I, FRANKENSTEIN: 1 ½ STARS. “Should have been called “Aye, yi, yi, Frankenstein.”
Two hundred years after Henry Frankenstein strung “a dozen used parts from eight different corpses” together and brought them to life with a bolt of electricity and the cry of, “Look! It’s moving. It’s alive. It’s alive…” the creature is back for a new adventure based on the graphic novel called “I, Frankenstein” by Kevin Grevioux.
This time around his green parlor and neck bolts are gone, replaced by a chin cleft Igor could hide in and scars lining his unusually fit body. He’s a tormented soul, or rather, it is his lack of a soul that torments him. “I care not for the world of men,” he says, “I go my own way.”
For hundreds of years instead of terrifying villagers Dr. Frankenstein’s creature, now dubbed Adam (Aaron Eckhart) has hidden himself in the most remote places where he thought no human, demon or Gargoyle could find him. But he was wrong.
It seems a legion of 666 fiends, led by a demon prince named Naberius (Bill Nighy) are desperate to find Adam so they can learn the secret of reanimating corpses. Naberius plans on inserting demon souls into dead bodies to create an unstoppable army and “unravel the mortal coil of life.”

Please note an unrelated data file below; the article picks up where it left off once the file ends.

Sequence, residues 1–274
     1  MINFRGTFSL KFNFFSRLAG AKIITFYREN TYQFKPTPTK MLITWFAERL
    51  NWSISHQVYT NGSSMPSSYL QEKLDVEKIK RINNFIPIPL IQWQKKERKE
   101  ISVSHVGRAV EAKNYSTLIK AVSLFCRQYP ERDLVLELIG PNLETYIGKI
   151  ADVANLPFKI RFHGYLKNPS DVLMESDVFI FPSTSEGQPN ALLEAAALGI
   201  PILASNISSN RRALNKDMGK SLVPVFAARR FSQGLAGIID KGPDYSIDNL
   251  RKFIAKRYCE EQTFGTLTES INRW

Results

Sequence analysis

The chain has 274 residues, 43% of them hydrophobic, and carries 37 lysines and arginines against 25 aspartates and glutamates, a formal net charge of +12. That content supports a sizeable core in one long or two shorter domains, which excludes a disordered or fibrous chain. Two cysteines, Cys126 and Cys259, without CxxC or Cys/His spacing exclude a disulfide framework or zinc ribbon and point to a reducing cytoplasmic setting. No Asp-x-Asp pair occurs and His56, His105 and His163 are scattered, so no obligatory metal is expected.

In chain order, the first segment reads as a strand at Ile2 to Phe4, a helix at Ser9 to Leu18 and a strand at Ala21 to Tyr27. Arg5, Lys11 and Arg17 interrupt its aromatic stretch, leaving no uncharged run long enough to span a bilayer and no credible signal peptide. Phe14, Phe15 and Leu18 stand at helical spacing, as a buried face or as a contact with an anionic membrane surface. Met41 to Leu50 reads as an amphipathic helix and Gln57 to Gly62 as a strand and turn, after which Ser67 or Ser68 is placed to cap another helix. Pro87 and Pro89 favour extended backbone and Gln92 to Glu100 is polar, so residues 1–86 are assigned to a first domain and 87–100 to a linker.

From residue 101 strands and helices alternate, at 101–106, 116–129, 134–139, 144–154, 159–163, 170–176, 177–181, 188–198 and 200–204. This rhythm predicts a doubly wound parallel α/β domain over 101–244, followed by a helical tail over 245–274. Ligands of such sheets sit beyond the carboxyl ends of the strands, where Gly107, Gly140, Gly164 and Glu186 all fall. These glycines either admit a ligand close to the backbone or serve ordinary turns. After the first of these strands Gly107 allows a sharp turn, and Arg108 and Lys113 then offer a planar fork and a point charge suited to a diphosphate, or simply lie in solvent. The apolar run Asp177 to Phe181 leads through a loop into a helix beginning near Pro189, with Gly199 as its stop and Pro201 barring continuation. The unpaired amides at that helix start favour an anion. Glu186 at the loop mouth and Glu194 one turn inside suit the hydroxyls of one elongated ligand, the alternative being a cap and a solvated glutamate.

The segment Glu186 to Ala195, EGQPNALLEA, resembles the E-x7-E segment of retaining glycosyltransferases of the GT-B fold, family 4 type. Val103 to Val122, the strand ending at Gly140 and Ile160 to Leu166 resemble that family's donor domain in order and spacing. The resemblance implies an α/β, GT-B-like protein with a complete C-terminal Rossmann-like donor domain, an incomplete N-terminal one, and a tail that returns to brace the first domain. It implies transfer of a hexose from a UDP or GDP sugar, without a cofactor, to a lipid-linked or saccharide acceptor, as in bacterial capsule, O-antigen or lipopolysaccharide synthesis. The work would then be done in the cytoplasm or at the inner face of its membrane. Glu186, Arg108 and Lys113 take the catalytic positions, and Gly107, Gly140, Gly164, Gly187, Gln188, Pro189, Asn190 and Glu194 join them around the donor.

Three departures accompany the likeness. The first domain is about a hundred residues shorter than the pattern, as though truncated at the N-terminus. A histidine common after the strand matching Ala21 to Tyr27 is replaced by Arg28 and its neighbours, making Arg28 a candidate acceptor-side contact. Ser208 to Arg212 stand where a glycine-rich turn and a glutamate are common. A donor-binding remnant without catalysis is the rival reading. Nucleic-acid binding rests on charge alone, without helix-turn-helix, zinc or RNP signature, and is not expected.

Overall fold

On the other side are the Gargoyles, commanded by Leonore (Miranda Otto), an archangel determined to help Adam find his humanity and save the human race.
An unholy mix of religion, martial arts (Adam has some slick Bruce Lee moves) and Mary Shelley, “I, Frankenstein” should have been called “Aye, yi, yi, Frankenstein.”
There is some cool gothic Gargoyle imagery on display and a variety of posh English accents to class to the joint, but it seems only Nighy realizes that this would have played better as a campy comedy.
In amongst the over earing narration, dropped storylines—for instance, a bride for Adam is mentioned and then never mentioned again—and shots of Adam peering around corners, every now and again someone will say, “I think your boss is a demon prince.”
Mel Brooks would have known how to stage that line. For all its atmosphere—i.e.: darkly shot scenes—“I, Frankenstein” would have been a lot more fun if it embraced its silly side just as Adam must embrace his humanity. With humanity comes a sense of humor, right? Not in this case. The movie plays like a satire of bad horror movies that forgot it was a satire.